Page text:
Also, credit the Marlins for choosing the Sox’ offer over the Rangers’ offer of then 25-year-old slugger Hank Blalock, who never had another 20-homer season after hitting 29, 32, and 25 in his first three full seasons.
NOVEMBER 2003: THE CURT SCHILLING TRADE
They traded: Casey Fossum (their No. 5 prospect two years earlier who’d graduated to the majors), Brandon Lyon, Jorge de la Rosa (No. 9 prospect after 2002), Michael Goss
This one doesn’t really qualify because the centerpiece of the trade wasn’t really a prospect. That said, know who ended up being pretty damn good? Jorge De La Rosa. Fossum (at left) was a swing and a miss (not to be mean, but someone needs to write a book about why he was considered such a good prospect in previous years), but de la Rosa had four years of 149-plus innings, including three in a row with a cumulative 3.49 ERA.
The problem for the Diamondbacks? He never pitched a game for them because they flipped him in a trade for Richie Sexson a month after acquiring him. Sexson ended up playing 23 games for Arizona. Hilarious!
NOVEMBER 1997: THE PEDRO MARTINEZ TRADE
(All rankings per The Baseball Cube)
They traded: Carl Pavano (second in organization per The Baseball Cube), and Tony Armas Jr. (at left) for Martinez
They kept: Nomar Garciaparra (1), Brian Rose (3), Chris Reitsma (4)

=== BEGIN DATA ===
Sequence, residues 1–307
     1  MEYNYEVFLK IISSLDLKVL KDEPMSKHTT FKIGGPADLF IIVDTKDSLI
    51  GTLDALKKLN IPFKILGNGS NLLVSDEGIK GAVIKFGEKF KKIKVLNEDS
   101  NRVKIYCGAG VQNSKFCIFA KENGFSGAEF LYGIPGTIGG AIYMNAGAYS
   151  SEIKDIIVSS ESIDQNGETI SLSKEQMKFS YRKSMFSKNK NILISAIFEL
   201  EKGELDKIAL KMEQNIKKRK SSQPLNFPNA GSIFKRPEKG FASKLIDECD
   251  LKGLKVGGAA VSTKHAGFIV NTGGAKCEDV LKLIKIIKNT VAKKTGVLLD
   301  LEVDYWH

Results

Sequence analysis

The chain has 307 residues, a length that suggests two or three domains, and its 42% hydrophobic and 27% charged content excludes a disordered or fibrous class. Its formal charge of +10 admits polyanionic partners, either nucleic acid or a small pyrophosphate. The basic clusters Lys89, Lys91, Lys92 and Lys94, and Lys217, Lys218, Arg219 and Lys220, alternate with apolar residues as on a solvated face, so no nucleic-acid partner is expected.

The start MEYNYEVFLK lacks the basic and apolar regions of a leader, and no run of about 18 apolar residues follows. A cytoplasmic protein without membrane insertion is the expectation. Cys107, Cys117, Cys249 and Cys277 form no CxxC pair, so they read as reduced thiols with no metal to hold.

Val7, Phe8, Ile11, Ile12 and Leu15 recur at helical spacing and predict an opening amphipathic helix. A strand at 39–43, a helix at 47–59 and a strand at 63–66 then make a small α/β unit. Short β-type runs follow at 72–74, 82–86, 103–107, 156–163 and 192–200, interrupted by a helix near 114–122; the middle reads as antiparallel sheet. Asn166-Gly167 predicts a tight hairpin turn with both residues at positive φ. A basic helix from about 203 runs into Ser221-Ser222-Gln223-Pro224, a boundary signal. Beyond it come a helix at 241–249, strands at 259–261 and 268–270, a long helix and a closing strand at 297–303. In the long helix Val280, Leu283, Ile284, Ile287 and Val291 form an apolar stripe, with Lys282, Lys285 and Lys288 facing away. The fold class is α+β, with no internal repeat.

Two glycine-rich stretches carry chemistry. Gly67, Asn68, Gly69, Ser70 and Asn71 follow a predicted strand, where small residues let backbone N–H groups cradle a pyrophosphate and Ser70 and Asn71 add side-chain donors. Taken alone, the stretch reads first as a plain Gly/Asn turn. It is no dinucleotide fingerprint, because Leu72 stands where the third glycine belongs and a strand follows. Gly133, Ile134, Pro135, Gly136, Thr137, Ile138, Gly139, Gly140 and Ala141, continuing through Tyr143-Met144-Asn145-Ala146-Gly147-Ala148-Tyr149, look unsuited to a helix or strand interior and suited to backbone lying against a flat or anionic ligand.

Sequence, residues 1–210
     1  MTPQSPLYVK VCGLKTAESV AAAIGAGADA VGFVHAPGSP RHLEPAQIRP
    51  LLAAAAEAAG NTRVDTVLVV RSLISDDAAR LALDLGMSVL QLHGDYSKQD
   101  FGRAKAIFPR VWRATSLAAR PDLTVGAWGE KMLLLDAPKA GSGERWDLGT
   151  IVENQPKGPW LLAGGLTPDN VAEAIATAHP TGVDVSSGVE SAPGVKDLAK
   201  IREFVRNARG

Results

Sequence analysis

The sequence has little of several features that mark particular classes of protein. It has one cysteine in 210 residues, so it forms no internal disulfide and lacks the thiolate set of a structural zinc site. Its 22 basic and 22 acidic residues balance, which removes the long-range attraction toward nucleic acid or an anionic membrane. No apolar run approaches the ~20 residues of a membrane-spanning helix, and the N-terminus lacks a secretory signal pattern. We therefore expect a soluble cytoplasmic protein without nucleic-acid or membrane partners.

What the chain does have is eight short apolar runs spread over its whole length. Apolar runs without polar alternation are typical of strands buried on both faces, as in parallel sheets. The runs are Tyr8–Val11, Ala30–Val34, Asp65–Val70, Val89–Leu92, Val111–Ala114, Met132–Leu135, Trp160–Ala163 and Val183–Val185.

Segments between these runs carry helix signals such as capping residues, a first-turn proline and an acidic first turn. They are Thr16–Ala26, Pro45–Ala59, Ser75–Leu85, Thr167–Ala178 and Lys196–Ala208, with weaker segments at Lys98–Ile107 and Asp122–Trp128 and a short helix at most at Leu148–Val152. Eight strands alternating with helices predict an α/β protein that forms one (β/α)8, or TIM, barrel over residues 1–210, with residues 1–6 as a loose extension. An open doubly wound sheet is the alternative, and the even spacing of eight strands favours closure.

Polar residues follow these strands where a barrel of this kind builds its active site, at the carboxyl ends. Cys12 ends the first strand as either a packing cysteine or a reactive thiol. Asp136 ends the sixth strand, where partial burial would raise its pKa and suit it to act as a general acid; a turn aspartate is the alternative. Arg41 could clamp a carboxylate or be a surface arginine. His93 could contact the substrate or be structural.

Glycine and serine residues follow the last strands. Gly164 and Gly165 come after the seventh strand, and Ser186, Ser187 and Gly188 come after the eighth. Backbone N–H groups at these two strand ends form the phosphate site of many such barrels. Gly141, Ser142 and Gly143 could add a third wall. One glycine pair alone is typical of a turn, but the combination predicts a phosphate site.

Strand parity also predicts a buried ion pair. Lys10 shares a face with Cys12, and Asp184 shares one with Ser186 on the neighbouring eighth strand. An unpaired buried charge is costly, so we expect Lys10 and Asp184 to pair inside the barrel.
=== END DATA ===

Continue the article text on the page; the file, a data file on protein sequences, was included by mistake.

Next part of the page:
Hey now. You’re going to want to besmirch Carl Pavano. You can do that, but just ease up a bit. He was a pretty good major-leaguer.
HOW THE MARTINEZ TRADE ENDED UP
Imagine how different things would have been if the Red Sox traded their top prospect instead of their second-best prospect. That would mean no Nomar (at left), which would mean Jimmy Fallon probably would have had a season or two on SNL as a featured player and then gone away. Would that be a good thing or a bad thing? Fever Pitch was terrible, but I came around on him when he replaced Conan. I don’t know. I feel like the jury will always be out on Jimmy Fallon.
Back to the sports. It wasn’t that Pavano was a bad player (even if he didn’t become anything better than decent until he left Montreal); it was that he was the only guy who did anything. Rose never lived up to the billing created by his minor-league career (Internal League Rookie of the Year, Triple-A All-Star) and ended up pitching parts of five seasons in the majors.
Reitsma had a decent career as a reliever, though the most memorable part of it was probably when he gave up four earned runs in two thirds of an inning of the Astros’ series-clinching Game 5 win against Reitsma’s Braves in the 2004 NLDS.